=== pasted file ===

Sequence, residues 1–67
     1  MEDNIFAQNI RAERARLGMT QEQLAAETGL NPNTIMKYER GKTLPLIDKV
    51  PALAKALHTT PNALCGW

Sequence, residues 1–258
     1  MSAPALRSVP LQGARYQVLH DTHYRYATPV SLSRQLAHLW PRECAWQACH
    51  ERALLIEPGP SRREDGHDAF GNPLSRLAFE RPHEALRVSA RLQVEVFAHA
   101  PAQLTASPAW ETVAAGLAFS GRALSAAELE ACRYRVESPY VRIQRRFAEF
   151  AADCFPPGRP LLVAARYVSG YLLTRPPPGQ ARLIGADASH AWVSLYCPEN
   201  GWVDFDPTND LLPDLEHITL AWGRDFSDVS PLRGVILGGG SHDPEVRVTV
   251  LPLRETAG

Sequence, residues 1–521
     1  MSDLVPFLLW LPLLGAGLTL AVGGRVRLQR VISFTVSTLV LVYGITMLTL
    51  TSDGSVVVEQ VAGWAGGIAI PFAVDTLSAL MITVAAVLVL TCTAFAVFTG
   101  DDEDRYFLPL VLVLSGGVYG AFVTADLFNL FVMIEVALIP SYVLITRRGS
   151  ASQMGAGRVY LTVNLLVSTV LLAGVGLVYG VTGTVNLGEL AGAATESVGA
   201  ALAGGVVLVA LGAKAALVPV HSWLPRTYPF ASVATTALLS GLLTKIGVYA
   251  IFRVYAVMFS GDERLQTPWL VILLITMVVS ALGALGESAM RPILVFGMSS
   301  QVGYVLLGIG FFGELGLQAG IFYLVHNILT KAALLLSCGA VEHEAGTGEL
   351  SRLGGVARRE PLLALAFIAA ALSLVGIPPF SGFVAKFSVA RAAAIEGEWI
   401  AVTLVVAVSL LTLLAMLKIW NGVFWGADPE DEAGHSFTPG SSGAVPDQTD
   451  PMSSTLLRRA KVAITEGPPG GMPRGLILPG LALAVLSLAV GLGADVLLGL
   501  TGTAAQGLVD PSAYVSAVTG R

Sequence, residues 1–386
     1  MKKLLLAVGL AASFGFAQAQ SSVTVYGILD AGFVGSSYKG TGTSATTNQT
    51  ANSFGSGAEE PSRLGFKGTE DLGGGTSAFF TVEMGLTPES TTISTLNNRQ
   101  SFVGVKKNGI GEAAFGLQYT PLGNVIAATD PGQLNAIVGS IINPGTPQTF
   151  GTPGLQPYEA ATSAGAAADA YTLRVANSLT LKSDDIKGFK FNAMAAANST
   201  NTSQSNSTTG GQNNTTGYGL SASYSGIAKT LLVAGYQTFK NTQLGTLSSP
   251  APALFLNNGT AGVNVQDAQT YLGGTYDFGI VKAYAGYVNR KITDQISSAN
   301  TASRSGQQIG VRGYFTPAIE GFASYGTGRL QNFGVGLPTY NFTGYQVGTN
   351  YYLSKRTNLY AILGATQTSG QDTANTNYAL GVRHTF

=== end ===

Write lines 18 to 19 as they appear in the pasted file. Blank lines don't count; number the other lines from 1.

   301  QVGYVLLGIG FFGELGLQAG IFYLVHNILT KAALLLSCGA VEHEAGTGEL
   351  SRLGGVARRE PLLALAFIAA ALSLVGIPPF SGFVAKFSVA RAAAIEGEWI